Krill Oil

Krill oil is a non-fish alternative option that can provide your feline with beneficial omega 3 fatty acids. Tiny shrimp-like crustaceans, krill are the main food source for many forms of marine life including fish, seals, whales, squid, and birds. While many experts state that it is impossible to over-harvest krill, there is a serious repercussion to its farming. Krill is being harvested in areas in the feeding grounds of the animals that eat them. Because of this, there have been local areas with worrisome depletion of many species including whales, fish, and seabirds.

CBD Oil for Cats

If you want your feline to reap the benefits of a supplement chock full of anti-inflammatory properties without the potential adverse reactions of fish oil, we recommend CBD oil for cats. Derived from the hemp plant,  CBD oil is changing the ways that cat owners can treat and manage their feline’s ailments. As we previously mentioned, nearly every health condition has one major thing in common: inflammation. Luckily, CBD oil contains high levels of anti-inflammatory properties that can alleviate and prevent everything from allergies to arthritis. In fact, CBD oil is so effective that scientists are considering it to be a new drug class for the treatment of chronic pain. The best news? CBD oil has virtually zero side effects. That’s right! Your feline can experience all of the benefits that an anti-inflammatory supplement has to offer without the fear of side effects.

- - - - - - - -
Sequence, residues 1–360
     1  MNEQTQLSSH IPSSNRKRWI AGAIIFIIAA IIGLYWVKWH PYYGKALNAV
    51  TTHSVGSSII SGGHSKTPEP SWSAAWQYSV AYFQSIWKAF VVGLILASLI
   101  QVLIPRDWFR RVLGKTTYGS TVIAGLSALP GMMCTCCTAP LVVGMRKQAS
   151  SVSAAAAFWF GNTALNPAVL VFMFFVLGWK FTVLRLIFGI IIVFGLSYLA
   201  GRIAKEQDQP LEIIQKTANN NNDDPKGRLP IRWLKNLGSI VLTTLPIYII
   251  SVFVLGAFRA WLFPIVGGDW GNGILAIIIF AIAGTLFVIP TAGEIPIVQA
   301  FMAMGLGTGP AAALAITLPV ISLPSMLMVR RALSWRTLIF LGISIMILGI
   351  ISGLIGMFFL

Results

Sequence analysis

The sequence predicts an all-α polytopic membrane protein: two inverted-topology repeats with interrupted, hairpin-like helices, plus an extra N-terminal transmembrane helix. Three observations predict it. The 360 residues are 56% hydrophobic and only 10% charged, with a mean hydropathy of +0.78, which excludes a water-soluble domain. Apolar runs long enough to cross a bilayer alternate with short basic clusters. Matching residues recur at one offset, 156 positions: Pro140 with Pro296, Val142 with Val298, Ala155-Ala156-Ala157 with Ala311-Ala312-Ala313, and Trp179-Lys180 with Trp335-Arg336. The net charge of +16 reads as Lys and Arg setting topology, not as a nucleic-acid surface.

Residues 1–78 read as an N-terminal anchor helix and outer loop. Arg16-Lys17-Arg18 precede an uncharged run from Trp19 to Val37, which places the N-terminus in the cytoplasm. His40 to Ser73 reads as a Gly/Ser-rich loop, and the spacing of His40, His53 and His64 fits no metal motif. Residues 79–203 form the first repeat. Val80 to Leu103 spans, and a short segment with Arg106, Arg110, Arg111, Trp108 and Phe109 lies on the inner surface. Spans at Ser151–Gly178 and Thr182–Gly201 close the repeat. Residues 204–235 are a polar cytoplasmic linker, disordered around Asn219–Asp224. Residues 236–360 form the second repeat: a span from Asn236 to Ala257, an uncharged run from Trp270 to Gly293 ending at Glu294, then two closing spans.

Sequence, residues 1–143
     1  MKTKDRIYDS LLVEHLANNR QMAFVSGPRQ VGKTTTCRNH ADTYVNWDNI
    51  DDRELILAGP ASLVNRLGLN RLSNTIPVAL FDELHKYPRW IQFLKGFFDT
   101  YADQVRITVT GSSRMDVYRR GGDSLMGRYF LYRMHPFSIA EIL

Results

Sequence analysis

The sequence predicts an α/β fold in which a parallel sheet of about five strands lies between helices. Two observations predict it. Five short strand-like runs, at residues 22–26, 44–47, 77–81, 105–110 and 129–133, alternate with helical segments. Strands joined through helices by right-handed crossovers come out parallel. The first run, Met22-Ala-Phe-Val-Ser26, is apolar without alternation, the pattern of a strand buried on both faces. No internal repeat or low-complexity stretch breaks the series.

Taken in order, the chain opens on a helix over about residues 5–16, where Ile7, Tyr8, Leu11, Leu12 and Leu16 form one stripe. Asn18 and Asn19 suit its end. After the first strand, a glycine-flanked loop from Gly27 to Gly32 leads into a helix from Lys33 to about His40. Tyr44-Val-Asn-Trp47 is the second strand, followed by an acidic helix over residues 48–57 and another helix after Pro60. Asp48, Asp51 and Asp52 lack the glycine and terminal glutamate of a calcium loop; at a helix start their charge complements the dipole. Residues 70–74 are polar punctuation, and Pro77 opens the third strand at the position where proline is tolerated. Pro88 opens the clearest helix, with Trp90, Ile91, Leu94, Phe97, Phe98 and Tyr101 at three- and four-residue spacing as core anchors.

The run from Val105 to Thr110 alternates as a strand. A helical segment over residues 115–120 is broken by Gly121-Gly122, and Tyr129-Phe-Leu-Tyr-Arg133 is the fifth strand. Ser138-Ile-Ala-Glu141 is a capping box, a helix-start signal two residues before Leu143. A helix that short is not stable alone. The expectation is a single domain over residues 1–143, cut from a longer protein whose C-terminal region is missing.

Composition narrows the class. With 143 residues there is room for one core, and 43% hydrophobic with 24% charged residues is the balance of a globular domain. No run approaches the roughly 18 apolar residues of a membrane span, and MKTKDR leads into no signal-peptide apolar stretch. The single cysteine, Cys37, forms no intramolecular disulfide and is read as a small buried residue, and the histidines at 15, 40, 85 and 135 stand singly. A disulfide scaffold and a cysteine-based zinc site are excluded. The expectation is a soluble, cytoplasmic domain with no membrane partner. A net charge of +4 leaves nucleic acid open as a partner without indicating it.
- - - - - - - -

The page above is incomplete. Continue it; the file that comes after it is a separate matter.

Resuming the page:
cbd for cats

Coconut Oil for Cats